Alberta Oil RoughnecksOil Worker

Types of Oil Field Jobs

In addition to there being many different types of oil field jobs, these careers exist around the world. People working oil field jobs perform functions on and off shore with jobs existing in both white and blue collar categories. Although jobs in the oil field industry exist around the globe, this particular industry has become one of the most valuable in America. We wanted to offer some examples of oil field jobs, what it takes to work in a specific role, and earning potential for each.


Although this is an entry level position, a roughneck actually makes decent money, has job security, and enjoys a chance to learn for advanced career opportunities. Working as a roughneck is not for everyone in that the work is extremely physically demanding so this person would need to be strong, healthy, and agile. Some of the job functions include carrying heavy pipes and related parts, repairing rig problems, operating drilling equipment, and changing drill fittings. However, the main function of the roughneck is to get hold of and attach a connecting pipe that fits in the well shaft. In addition to this function being performed quickly, it is difficult and dangerous.


The driller oversees work for a single crew. This individual needs to ensure the production of his or her team and make sure the process of drilling remains on task. Additional responsibilities of the driller includes keeping machinery in working condition while drilling and for other job functions and sometimes, the driller acts as supervisor for an outfitting and repair process. Good drillers are always needed, which is why we have seen income climb from $43,000 three years ago to around $47,000 a year currently.

Oil Field Operator

The first of the oil field jobs we wanted to cover is the oil field operator. This individual is responsible for setting up and operation a number of different drills as a means of extracting petroleum products from earth. Other job functions typically include setting up and operating drills to find core matter but also the removal of matter for scientific testing. With this, scientists and oil field professionals can determine quality, type, value, and volume of matter found.  The person who works as an oil field operator would also check environmental and safety issues at a specific drill site. Other functions include making sure wells producing oil are running effectively and safely, verifying mechanical and pneumatic pumps in operation are enough for the job, performing inspections on different types of equipment, materials, and structures being used, and maintaining necessary communication among crew members, maintenance workers, and supervisors on and off site.

The best person to work as an oil field operator would be in top physical condition, have excellent vision, and be able to communicate effectively on all levels. In this role, job functions must be performed in alignment with current regulations. In addition, an oil field operator uses specific tools and equipment such as slush pumps, brake pedals, tongs, and powered wrenches.

To work in a role such as this, an individual would need at minimum a high school diploma. However, more companies now prefer an Associate’s degree with focus on geology but along with this, a person with relevant experience would be most desirable. Currently, an oil field operator earns between $50,000 and $55,000 a year with great career advancement options.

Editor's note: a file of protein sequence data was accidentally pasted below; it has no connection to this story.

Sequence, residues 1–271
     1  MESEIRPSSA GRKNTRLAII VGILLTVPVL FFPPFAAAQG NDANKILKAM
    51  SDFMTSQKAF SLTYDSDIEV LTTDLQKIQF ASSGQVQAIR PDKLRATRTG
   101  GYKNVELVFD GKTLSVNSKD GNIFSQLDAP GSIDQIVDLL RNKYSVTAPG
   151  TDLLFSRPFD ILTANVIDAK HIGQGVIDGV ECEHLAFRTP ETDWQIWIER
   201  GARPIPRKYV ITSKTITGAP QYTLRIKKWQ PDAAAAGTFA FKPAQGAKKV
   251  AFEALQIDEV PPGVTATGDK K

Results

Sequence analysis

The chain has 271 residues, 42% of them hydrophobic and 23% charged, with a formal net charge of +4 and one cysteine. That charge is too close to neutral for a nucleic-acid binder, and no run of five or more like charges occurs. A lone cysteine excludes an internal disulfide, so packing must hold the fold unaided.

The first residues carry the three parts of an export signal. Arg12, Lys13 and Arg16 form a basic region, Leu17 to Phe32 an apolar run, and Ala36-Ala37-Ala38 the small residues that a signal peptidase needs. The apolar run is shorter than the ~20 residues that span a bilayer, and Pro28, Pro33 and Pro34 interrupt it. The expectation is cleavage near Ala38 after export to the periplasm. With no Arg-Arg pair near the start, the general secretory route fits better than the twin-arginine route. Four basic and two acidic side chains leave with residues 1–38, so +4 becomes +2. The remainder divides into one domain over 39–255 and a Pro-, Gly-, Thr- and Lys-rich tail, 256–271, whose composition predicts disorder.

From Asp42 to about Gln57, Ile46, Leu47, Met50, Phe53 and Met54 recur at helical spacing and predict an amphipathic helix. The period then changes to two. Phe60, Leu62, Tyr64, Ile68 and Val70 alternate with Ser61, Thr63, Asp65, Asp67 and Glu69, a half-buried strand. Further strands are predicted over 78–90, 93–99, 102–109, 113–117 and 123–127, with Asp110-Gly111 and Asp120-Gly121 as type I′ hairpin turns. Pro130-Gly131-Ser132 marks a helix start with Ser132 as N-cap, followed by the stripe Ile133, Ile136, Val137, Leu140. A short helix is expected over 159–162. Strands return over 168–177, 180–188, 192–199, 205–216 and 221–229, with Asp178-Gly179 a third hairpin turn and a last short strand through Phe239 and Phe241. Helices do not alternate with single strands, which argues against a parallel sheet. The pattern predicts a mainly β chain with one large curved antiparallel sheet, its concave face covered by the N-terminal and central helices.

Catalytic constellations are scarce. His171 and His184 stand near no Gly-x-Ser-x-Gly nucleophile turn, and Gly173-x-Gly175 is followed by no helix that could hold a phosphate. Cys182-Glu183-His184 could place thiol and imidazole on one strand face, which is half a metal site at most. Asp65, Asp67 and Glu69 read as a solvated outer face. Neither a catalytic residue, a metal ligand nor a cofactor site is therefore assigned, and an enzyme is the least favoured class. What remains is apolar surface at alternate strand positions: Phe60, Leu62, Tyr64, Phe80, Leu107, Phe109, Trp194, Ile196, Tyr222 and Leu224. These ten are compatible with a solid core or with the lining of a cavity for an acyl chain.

Field Manager

Different from an oil field manager, this management position is responsible for overseeing and evaluating employees traveling to customer sites. In most cases, this type of field manager has a team of workers in a specific territory with job functions to include ongoing management of each person on the team. Usually, a Bachelor’s degree with concentration in a technical arena is required although a minor or secondary Bachelor’s degree in business would be highly advantageous.

One of the primary job functions of the field manager is providing initial and ongoing training to field representatives. In addition to assigning representatives with distinct territories, this individual would also handle all staff scheduling, provide teams with supplies and equipment needed to get a job done, and evaluate statistical data. Although teams travel extensively, the actual field manager would typically have a primary location for work. As far as income, on average a person in this role would make around $80,000 a year.

Tool Pusher

Operations on the drill site would be the responsibility of the tool pusher. Along with keeping all crewmembers focused and on task, this person has a huge burden of ensuring production levels are high. While job duties are similar to a line supervisor, the tool pusher maintains control of the entire drilling operation offshore. However, when working on a drill platform at sea, this person would work directly under the drilling platform manager, meaning he or she would not oversee the entire drilling operation. For salary, a tool pusher makes approximately $85,000 a year.

Oil Field Manager

Although all oil field jobs are vital, managers play a key role in the overall performance and function at the job site. This person would be responsible for daily operations and supervise crewmembers. Because this particular job involves a tremendous amount of paperwork, the best candidate would be great at multitasking and pay close attention to detail.

Some of the things that an oil field manager would oversee includes license and contract reviews, monitoring and approving crewmembers regular and overtime pay, keeping operations in line with environmental regulations, and providing, as well as mandating all workers follow set safety standards. This job offers great security and someone with experience could make close to $200,000 a year.

Here are more articles on oil careers: